Even with voices, the Audio Analogue Pure AAdac does a lot of work. Strong soul voices, such as Cassandra Wilson (Album: Coming Forth By Day), get under the skin immediately. The woman has soul in her voice and that is what the Italian DAC brings across intensely. Things are a little different with “Strange Fruit”. The song, which is part of Ms. Wilson’s repertoire and deals with the lynching of African Americans in the southern states of the USA, is staged by the colored singer in a brittle manner and with many breaks. This song doesn’t want to “please”. But the AAdac does. At the same time, he also wants to be honest. And so on the one hand, thanks to its high resolution, it reproduces details and nuances that are supposed to disturb and disturb – but on the other hand it tries to make it harmonious and round. Ok, this perception can now also be due to my expectations, I simply associate a certain mood with this song.

And what does the CD drive do?

The AAdac is so fascinating that I hardly have any space left to go into the Audio Analogue AAdrive CD drive. Although I can keep this short, because it simply turns out to be a very well processed data provider that perfectly matches the AAdac. In terms of sound, I don’t hear any significant, reliable, comprehensible difference – regardless of whether my Antipodes S40 music server is delivering the data from a ripped CD or whether the CD is read by the AAdrive. And I definitely want to take that as a compliment for the AAdrive, because the Antipodes server, which is almost three times as expensive, usually does a very good job.

Incidentally, it doesn’t really make any difference whether I use my North Star design drive (around 2,700 euros) as a data supplier instead of the AAdrive. In the combination of “drive plus DAC”, my North Star team is slightly ahead – but only if I connect the two devices via I²S, an option that the audio-analogue combination does not offer.


The Audio Analogue AAdac is a device with character. He puts the emphasis on a performance that is as “analog” as possible and sounds wonderfully non-technical. It starts with the bass, which leaves aside the very last bit of hardness and control in order to swing and groove in a dreamlike rousing manner, goes into a mid-range, which offers strong timbres carried by the fundamental tone and at the same time has a high resolution and clean dynamic gradations, and ends in one silky, finely resolved, supple high tone. He confidently passes through coarse dynamic attacks. Spatially, he likes it a little bigger.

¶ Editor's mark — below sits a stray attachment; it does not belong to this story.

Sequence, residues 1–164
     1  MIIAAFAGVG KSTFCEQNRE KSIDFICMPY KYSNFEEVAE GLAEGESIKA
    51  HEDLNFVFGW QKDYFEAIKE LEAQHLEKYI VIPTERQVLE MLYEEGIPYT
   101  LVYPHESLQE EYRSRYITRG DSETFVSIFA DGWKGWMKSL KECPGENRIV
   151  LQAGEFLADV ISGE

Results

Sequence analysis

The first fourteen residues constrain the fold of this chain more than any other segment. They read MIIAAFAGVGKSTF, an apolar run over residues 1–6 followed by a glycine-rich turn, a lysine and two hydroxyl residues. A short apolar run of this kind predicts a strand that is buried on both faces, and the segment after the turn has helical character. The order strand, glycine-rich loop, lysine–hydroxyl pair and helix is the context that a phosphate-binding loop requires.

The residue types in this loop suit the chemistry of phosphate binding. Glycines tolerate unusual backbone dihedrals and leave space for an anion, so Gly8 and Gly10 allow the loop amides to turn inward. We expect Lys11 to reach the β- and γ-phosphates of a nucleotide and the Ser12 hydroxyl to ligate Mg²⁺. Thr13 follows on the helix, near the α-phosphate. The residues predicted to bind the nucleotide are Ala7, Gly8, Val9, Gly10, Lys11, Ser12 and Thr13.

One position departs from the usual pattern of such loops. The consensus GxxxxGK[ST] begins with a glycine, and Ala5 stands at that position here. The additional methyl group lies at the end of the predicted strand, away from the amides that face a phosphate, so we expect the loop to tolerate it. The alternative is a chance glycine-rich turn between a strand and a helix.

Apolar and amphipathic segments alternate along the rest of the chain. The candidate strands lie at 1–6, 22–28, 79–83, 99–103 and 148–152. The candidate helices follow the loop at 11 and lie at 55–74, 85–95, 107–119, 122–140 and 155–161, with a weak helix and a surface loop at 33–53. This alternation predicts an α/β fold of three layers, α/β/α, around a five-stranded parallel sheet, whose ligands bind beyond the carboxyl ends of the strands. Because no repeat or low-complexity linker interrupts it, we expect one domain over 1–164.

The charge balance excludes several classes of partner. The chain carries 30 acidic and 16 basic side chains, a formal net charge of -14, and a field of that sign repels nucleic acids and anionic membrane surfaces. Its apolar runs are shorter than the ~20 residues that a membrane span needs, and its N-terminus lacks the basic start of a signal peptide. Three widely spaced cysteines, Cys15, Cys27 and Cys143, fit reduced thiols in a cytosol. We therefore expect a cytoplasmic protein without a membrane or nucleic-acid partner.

The Audio Analogue AAdrive is essentially a high-quality data supplier designed to match the AAdac for people who want to play CDs. That sounds absolutely clean in the station wagon. I can’t attest to the fancy team’s special sonic synergy effects, but given the high level of the components, they don’t even need to be completely convincing overall.

The Audio Analogue AAdac …

  • is tonally slightly warmer and offers an “analog” sound image in the best sense of the word.
  • offers a powerful, sustaining bass that swings and grooves enthusiastically, instead of bringing ultimate control and brute force.
  • plays powerfully sonorous in the mids, which is mainly due to a subtle boost in the keynote. This is so much fun, especially with voices, that its excellent resolution and fine dynamic differentiation can almost fall behind.
  • presents a silky, stress-free and excellently differentiated high tone, which on the one hand sets exciting highlights, on the other hand guarantees absolute long-term listening capability.
  • can grapple with great dynamics.
  • likes it a little bigger in all aspects of space, without exaggerating too much. The proportions are consistent and natural. In addition, it offers good localization sharpness.
  • is extensively equipped and of high quality.

The Audio Analogue AAdrive …

  • is a very solidly made CD drive.
  • offers the best conditions for delivering clean data.
  • Visually matches the AAdac and brings out its sonic potential when playing CDs.


Audio Analogue AAdac

  • Category: D / A converter with volume control (can be switched off) and headphone output
  • Price: 3,700 euros
  • Inputs: 1 x Toslink, 2 x S / PDIF coaxial (Cinch), 1 x AES / EBU, 1 x USB-B
  • Outputs: 2 x line-out (1 x XLR, 1 x cinch), 1 x 6.3 mm stereo jack socket
  • Data rates: PCM up to 32 bit / 392 kHz; DSD 512; MQA capable
  • Dimensions & weight: 220 x 390 x 100 mm (WxDxH), 5.5 kg
  • Colors: black, silver
  • Other: remote control
  • Guarantee: 5 years

Audio Analogue AAdrive

  • Category: CD drive (without D / A converter)
  • Price: 1,800 euros
  • Outputs: 1 x S / PDIF coaxial (Cinch), 1 x AES / EBU
  • Dimensions & weight: 220 x 390 x 100 mm (WxDxH), 5.5 kg
  • Colors: black, silver
  • Other: remote control
  • Guarantee: 3 years